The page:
Fran-Graphs, UNI

Original Photo: Hawkeye Sports (Jeff Becker)

Iowa owes its win over Northern Iowa to solid play from beyond the arc on both sides of the ball

Frangraphs_niu_medium

Photo credit: Jeff Becker

This game was a testament to the power of the three-point shot. On offense, Iowa benefited from some uncharacteristically good shooting from outside, with Devyn Marble and Mike Gesell both making four threes and the team far surpassing their previous average of 5.5 made threes per game with twelve; and on defense, the Iowa coaching staff made a strategic choice to deny outside shots at all cost, a choice which wound up stymying the Panther offense.

The offense for Iowa was a bit uneven (15 turnovers, 13 in the first half), but the team moved the ball crisply and found open looks throughout the game, creating 18 assists and leading to those crucial 12 threes. Apart from the long-range game and the free-throw line, things were downright ugly: Iowa shot 9-24 from two, with Adam Woodbury and Aaron White both struggling to make a dent in the game. Seth Tuttle played Woodbury to a standstill (with the help of some swarming double and triple teams), and Jake Koch locked up White by sagging off him and daring him to shoot from the outside. Both White and Woodbury have no doubt drawn attention from opposing coaches, and the recipe to frustrate them is clear: force Woodbury to pass under pressure and force White to shoot from the outside.

The one player that Northern Iowa didn't have an answer for, though, was Marble. Due to their use of three-guard line-ups (and a simple lack of size), the Panthers were frequently forced to put smaller players like Marc Sonnen, Anthony James or Deon Mitchell on the 6'6" Marble, which allowed Marble to rise and fire from the outside. Marble can struggle against players who match him in size and speed, but UNI didn't have anyone like that. They did their best to harass and double him, but he played a brilliant, controlled game, scoring 30 points on 14 shots and only turning the ball over once.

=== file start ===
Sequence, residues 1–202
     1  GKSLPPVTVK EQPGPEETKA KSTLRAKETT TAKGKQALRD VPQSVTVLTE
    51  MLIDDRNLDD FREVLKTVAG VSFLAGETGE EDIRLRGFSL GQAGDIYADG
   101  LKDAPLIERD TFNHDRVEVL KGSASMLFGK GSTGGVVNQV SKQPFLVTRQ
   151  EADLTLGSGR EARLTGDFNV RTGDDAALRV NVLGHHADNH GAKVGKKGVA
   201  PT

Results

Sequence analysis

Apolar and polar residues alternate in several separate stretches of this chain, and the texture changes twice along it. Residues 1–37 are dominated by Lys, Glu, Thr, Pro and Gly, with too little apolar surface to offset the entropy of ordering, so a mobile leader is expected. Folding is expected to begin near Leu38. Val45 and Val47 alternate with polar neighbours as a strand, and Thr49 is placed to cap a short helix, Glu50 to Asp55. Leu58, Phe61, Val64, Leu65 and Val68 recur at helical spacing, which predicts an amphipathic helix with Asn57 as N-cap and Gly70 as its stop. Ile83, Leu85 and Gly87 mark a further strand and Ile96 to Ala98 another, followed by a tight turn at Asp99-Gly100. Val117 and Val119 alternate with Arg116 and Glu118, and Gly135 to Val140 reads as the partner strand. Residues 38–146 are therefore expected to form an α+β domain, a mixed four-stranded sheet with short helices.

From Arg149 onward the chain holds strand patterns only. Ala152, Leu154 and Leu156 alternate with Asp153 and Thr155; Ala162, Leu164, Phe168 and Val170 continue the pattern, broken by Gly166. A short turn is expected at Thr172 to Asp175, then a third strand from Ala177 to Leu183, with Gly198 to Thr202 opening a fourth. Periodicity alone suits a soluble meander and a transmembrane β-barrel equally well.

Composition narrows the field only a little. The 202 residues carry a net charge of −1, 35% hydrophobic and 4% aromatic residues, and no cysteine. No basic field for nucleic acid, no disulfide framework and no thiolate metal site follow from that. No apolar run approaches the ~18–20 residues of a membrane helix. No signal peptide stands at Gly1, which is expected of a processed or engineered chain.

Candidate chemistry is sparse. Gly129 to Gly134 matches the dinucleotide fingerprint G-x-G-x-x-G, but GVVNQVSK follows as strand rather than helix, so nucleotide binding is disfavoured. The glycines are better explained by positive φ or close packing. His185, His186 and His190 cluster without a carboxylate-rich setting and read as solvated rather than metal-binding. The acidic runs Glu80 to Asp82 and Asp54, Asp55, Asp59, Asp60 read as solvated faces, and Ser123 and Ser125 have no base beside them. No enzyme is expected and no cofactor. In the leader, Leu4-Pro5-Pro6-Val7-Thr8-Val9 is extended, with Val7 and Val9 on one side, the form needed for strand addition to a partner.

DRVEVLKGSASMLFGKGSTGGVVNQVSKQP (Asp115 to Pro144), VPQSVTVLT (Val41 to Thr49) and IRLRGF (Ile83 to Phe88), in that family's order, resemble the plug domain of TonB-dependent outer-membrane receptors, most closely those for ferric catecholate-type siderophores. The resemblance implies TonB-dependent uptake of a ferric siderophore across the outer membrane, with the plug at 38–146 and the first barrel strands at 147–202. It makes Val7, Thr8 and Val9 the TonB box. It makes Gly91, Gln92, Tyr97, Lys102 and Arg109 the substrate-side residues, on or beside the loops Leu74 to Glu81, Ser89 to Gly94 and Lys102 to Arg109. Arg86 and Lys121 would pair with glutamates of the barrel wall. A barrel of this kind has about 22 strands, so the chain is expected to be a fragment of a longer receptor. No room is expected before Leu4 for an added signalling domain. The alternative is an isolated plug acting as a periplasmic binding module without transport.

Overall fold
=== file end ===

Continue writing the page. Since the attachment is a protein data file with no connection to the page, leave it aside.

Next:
There were nice contributions from role players as well. Eric May led the team with seven assists and played good defense throughout, and Gabe Olaseni provided some valuable minutes at center, blocking two shots and making two of his own (including a jumpshot!).

But the real story of the game was Iowa's defense. The coaches made a strategic choice that Northern Iowa would not beat them from the three-point line, and it paid off. On pick and rolls and dribble hand-offs, Iowa's defenders fought to stay above the pick and trap the shooter at the three-point line. The Panthers frequently got around the hedge and into the lane, and shot well once they did (25-46 (54%) from two) but Olaseni, White, Marble and Melsahn Basabe did a good enough job recovering and blocking shots in the lane to make the gamble worthwhile.*

* Northern Iowa's two-point shooting is a bit inflated by the end-of-game layup fest Iowa allowed in the final two minutes. The Hawks were so intent on preventing Northern Iowa threes in the final moments of the game that they basically conceded twos. Iowa's free throw totals are also inflated from the foul fest of those last few minutes.

Let's not get too carried away: a lot of Iowa's success boils down to the fact that they made their open threes and Northern Iowa's didn't. Flip a few of those Gesell or Marble makes with a few Rank and Mitchell misses and this would have been a very different game. But the fact that Iowa played competent three-point defense, that they executed a defensive game-plan and worked as a cohesive unit, is a very positive development. Last year, Iowa's opponents took 35% of their shots from three and made 34.5% of those shots; this year, those numbers are down to 33.4% and 28.2%. It's early, so we can't read too much into that, but compared to last year's sieve-like three-point defense, this year's team looks miles better -- which is to say, not terrible.

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